Every Friday, Steve Reitmeister (Reity) and I sit down to chat about the week and how we’re feeling about the stock market (SPY). Normally, the two of us are pretty in sync — we’ve both been pretty bearish for months. However last week, it looked like that was starting to change. “Are you bullish now?”, he asked. I think my answer to his question surprised him. Read on for what I said — and why…I think the results may surprise you too….
(Please enjoy this updated version of my weekly commentary originally published January 20th, 2023 in the POWR Stocks Under $10 newsletter).
Now, for those of you who also read my POWR Growth newsletter, this is a bit of a retread, but I thought it nicely summed up my latest thoughts on where the stock market (SPY) currently is, and what we need to see next for things to change.
So, back to Reity’s question: Am I bullish now?
The answer is… it’s complicated.
I’ve been pretty bearish for the past six or seven months.
Fed Chair Jerome Powell made it pretty clear that inflation was Enemy No. 1 and the central bank was going to do anything in its power to get prices under control. I mean, come on; his top buzzword was “pain.” It was not a good time to be long anything.
And as we saw in 2022, Powell meant what he said and he said what he meant. Stocks paid the price, falling nearly 20%.
We finished the year commiserating about our “no show” Santa Claus rally and sighing over the number of analyst predictions for poor earnings and a coming recession.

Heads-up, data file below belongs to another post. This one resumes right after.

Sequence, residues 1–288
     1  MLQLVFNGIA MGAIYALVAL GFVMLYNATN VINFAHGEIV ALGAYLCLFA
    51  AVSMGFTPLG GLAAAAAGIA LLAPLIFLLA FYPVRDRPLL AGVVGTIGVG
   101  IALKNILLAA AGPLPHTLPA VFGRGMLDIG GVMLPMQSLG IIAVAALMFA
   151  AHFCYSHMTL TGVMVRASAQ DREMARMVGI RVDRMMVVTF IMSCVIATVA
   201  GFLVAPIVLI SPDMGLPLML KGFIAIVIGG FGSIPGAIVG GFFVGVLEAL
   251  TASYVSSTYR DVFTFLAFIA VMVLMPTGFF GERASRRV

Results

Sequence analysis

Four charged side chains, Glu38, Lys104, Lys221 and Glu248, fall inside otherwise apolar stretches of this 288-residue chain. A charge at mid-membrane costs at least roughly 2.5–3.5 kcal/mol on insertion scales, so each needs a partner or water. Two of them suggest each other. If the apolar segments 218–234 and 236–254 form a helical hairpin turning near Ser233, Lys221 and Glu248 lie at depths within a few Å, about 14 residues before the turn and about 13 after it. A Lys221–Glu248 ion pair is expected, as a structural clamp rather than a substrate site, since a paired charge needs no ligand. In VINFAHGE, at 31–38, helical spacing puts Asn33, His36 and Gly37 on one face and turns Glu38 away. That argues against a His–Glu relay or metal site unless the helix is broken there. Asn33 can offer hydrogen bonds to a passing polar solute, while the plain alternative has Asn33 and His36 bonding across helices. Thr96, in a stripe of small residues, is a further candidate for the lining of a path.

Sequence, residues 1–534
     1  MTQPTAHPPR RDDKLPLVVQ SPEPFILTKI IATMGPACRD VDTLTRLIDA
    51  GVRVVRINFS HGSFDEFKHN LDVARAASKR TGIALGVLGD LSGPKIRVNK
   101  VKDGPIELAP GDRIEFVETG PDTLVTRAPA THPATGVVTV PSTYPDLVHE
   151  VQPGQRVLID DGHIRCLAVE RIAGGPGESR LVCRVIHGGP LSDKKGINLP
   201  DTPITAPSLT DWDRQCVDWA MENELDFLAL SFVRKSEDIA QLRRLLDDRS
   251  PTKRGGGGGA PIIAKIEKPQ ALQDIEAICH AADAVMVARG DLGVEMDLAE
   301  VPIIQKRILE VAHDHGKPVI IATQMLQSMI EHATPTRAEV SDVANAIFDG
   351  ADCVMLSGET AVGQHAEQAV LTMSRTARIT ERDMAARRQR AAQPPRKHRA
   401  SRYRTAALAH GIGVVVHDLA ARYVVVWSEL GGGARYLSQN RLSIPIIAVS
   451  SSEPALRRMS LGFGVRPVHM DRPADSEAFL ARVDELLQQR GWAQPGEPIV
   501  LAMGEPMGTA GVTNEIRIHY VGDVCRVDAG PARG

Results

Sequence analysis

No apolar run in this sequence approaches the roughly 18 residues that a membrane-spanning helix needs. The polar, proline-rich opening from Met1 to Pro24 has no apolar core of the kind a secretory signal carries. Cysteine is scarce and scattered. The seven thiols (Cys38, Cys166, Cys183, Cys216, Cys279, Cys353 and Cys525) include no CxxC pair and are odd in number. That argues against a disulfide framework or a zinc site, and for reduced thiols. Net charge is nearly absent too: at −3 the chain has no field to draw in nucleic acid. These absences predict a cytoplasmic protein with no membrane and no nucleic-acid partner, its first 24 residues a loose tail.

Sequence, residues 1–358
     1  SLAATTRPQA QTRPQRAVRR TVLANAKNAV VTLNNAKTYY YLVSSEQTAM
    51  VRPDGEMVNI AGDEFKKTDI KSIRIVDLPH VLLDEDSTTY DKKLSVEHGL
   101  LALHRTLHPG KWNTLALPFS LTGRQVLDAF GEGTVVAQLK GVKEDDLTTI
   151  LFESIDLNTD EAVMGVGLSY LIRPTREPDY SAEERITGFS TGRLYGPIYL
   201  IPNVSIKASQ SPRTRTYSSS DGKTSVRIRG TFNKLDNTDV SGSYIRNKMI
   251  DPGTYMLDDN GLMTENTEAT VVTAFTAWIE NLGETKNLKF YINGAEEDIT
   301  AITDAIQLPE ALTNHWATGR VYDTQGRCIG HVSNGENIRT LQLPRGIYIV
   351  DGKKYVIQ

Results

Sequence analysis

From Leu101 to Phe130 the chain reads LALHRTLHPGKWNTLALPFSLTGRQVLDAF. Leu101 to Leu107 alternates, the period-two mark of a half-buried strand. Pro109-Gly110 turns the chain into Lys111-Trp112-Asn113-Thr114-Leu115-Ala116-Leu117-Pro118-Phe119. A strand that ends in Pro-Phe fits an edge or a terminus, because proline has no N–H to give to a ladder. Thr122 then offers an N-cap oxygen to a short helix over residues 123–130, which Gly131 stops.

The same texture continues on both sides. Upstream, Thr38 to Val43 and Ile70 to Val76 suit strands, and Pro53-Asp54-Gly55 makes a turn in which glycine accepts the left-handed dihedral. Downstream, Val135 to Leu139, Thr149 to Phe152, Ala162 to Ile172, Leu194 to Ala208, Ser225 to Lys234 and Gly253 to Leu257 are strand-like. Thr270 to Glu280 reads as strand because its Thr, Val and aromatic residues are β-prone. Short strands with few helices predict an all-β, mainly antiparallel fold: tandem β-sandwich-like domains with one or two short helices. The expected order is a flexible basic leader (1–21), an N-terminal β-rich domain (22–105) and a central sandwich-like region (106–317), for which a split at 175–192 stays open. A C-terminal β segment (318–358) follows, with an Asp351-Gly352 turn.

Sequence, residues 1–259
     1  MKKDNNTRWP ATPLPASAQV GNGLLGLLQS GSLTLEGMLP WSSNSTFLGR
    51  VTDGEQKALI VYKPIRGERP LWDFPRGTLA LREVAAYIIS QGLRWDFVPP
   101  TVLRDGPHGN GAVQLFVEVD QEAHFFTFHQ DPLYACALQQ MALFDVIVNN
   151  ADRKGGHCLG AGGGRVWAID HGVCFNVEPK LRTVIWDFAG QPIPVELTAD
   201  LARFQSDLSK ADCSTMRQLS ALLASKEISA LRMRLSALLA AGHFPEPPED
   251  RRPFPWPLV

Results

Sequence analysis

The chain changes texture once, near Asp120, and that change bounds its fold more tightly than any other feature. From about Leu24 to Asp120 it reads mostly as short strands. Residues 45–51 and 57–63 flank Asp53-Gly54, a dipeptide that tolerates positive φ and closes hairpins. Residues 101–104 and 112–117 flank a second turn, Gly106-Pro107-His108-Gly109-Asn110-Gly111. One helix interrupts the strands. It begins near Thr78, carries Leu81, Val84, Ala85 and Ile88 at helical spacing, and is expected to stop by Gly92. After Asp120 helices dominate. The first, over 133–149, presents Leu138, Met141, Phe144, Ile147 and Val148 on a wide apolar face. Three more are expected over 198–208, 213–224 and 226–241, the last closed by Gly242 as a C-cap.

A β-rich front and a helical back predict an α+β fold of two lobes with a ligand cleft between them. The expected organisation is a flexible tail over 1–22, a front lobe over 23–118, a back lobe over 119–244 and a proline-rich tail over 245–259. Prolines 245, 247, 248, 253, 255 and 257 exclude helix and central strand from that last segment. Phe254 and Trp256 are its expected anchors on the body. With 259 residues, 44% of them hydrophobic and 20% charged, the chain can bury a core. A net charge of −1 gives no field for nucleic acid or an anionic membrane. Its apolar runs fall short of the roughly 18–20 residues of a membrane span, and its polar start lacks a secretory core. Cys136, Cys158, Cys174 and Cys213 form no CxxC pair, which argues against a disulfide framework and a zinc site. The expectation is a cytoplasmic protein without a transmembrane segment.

And then, we flipped over our calendar year and things started looking up. The S&P 500 (SPY) has gained nearly 4% in just a few weeks. And price can’t lie. Clearly someone is buying.
So, what’s the deal? Did someone just forget to send out the memo that we had switched from bear to bull?
Things certainly seem better than we were collectively expecting at the end of December.
So, am actually I bullish now? Not particularly. But I’m not particularly bearish either.
If you ask me, I think we’re somewhere in between. Things aren’t roses and lollipops… but they’re also not on the verge of collapse.
Yes, we still have inflation and a Fed threatening to raise the terminal rate further… but we also have three consecutive months of reports showing that inflation is in a downtrend.
We have an inverted yield curve… but we also have economist Campbell Harvey saying the famed (and highly accurate) recession indicator could be wrong this time. That’s a really big deal; Harvey is the guy who linked inverted yield curves to recessions in the first place.
We have huge earnings misses like this week’s report from Goldman Sachs… and then major earnings beats like this week’s reports from United Airlines and Netflix.
And don’t forget about those bullish green shoots I highlighted in last week’s issue…
Things are complicated, y’all!
But I see three potential turning/pivot points that could make things a whole lot less complicated, one way or the other.
1) Things (economic data/earnings/current events) turn negative.
One reason I think people may be buying right now? We set the bar really, really low. Going into the year, we were expecting disaster. But so far, things have been pretty neutral, which means they’ve been great!
But if this is just a bear market rally, I think the first sign of negativity could spoil the party and scare off investors. And then we’re back to everything just being the worst.
But if we get some bad news and investors just shrug it off? Or if we continue to see more of these economic “green shoots” in subsequent reports? Then yeah, I think we could be looking at a new bull.